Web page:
After a 40-minute meeting with External Affairs Minister Salman Khurshid, who is here on his first official bilateral visit, the opposition leader said she would want India to look at the situation in Myanmar, which is in transition from one form of governance to another, in a "very practical way".
"No. I never had misgivings with India. I have said there were times when I felt sad but you have to make allowances for friends. If you are fond of your friends, you have to accept that sometimes they go astray and sometimes we do and that's no reason for us to suffer," Ms Suu Kyi, who is 67, said.
During her visit to India last month, Ms Suu Kyi had said she was saddened that India had drawn away from Myanmar in its "most difficult days" and hoped it will stand by her country in achieving democracy.
Ms Suu Kyi, who has studied at New Delhi's Lady Shri Ram College, today said: "It's not just about speed that is everything. If India could be aware of what our present problems are and which ones need to be tackled first and go about it."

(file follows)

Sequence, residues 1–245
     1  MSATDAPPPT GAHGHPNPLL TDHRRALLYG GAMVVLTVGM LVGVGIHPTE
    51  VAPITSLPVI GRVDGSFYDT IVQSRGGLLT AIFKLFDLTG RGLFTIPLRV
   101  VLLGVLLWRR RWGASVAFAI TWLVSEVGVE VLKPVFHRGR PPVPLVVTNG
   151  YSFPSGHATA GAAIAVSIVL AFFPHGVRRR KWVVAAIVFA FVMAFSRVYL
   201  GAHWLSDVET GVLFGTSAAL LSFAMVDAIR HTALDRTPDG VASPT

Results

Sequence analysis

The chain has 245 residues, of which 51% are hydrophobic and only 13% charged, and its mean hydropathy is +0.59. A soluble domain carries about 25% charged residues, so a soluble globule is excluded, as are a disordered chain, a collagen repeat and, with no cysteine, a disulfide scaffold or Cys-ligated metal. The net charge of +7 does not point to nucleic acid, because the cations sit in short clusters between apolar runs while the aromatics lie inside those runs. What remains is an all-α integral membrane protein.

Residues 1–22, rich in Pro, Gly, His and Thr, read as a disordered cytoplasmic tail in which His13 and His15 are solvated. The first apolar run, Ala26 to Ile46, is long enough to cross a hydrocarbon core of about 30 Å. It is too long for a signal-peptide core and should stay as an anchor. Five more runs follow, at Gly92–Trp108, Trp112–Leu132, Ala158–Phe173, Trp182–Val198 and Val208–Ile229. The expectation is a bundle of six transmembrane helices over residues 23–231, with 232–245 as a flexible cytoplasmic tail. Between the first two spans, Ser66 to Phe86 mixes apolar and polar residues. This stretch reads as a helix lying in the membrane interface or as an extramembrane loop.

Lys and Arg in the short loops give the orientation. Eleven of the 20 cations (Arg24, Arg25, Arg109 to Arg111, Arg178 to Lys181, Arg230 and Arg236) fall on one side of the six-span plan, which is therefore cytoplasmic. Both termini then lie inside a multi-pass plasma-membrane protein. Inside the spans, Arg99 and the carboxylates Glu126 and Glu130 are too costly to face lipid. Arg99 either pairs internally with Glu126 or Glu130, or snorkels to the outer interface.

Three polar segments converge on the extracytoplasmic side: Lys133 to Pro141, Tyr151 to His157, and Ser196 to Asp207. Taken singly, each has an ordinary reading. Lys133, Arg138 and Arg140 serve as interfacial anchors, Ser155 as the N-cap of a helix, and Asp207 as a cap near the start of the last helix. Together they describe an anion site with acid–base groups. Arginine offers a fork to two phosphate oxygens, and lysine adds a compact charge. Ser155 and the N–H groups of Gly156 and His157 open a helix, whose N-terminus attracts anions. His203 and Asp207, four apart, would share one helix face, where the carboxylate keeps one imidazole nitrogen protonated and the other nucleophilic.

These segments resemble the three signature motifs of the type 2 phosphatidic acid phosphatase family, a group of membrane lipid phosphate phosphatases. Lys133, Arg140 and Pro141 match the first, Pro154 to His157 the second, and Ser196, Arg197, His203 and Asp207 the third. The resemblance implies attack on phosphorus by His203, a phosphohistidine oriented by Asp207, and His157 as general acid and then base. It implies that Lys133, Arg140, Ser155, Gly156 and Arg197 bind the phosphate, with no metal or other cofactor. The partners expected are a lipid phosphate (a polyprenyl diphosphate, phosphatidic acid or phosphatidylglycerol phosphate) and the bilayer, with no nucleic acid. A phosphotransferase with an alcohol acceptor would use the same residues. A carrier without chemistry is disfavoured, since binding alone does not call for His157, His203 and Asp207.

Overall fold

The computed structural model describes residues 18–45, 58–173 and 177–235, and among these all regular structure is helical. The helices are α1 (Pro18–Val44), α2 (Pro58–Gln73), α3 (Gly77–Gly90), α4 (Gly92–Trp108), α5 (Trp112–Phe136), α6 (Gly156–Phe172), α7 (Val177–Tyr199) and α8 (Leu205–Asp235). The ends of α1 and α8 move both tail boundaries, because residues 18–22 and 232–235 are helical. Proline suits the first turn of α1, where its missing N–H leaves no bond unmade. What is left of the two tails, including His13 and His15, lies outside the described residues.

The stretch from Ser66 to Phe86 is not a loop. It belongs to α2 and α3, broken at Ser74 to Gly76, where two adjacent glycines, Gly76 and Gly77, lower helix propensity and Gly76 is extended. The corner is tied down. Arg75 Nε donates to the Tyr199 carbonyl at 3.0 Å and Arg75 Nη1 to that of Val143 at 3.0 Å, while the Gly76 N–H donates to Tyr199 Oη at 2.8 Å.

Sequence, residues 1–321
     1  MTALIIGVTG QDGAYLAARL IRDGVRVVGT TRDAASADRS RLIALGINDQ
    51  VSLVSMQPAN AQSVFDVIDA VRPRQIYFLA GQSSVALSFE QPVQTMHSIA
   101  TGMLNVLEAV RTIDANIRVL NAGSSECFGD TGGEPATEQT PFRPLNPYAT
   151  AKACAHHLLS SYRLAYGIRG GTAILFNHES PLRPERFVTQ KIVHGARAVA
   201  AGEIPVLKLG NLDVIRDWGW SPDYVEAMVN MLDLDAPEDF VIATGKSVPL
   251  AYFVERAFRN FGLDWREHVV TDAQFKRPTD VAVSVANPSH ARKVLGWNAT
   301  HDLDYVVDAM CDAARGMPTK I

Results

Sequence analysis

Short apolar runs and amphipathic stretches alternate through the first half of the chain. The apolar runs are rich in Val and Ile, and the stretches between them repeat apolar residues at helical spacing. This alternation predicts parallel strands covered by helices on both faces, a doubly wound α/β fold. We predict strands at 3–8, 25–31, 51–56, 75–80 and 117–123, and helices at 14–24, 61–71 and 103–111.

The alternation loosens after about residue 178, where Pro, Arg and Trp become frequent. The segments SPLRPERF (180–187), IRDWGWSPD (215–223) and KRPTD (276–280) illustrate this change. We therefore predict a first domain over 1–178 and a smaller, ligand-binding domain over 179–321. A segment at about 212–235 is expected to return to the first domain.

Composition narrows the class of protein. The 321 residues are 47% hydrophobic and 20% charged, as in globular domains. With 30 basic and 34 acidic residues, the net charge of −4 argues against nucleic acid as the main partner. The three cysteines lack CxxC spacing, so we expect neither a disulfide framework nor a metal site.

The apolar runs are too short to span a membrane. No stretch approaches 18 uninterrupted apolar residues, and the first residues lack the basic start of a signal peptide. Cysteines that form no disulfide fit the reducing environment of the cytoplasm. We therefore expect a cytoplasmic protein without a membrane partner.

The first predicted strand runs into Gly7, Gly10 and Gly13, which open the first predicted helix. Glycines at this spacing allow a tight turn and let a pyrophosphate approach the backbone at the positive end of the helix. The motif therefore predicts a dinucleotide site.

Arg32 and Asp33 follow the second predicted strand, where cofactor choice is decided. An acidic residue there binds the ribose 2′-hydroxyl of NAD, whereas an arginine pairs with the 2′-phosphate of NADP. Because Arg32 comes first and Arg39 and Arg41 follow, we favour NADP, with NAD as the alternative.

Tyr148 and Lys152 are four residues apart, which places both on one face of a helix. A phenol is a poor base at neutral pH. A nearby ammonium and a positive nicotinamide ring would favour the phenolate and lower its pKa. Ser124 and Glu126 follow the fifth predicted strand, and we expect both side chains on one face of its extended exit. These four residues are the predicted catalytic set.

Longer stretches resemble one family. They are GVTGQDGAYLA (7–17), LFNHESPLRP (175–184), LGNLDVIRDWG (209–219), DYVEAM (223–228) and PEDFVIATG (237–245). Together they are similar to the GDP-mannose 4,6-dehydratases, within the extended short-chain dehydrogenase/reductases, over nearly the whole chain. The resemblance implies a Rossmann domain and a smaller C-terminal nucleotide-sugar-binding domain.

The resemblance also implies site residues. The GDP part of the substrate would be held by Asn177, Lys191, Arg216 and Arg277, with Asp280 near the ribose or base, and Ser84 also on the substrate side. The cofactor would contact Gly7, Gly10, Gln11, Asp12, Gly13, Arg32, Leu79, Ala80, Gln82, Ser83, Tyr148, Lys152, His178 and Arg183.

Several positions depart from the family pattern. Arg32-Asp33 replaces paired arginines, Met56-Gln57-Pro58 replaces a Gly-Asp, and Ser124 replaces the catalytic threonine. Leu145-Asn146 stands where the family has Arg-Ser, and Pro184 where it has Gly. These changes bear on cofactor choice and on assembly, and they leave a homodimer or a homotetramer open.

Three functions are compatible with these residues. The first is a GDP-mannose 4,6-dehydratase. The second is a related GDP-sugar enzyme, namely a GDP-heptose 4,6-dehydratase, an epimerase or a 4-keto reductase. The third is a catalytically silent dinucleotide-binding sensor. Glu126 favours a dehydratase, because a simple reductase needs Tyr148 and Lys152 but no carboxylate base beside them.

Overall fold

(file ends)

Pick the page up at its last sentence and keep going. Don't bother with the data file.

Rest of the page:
"Secondly, whatever you do I would want the people to be involved as far as possible because unless you empower the people along the way to democracy, you won't really get there in the way we would like to get there," she said.
The Nobel laureate said that she would like "exchanges" that would enable people to get to know one another more to appreciate the differences. "It's always important to appreciate differences rather than the similarities," she said.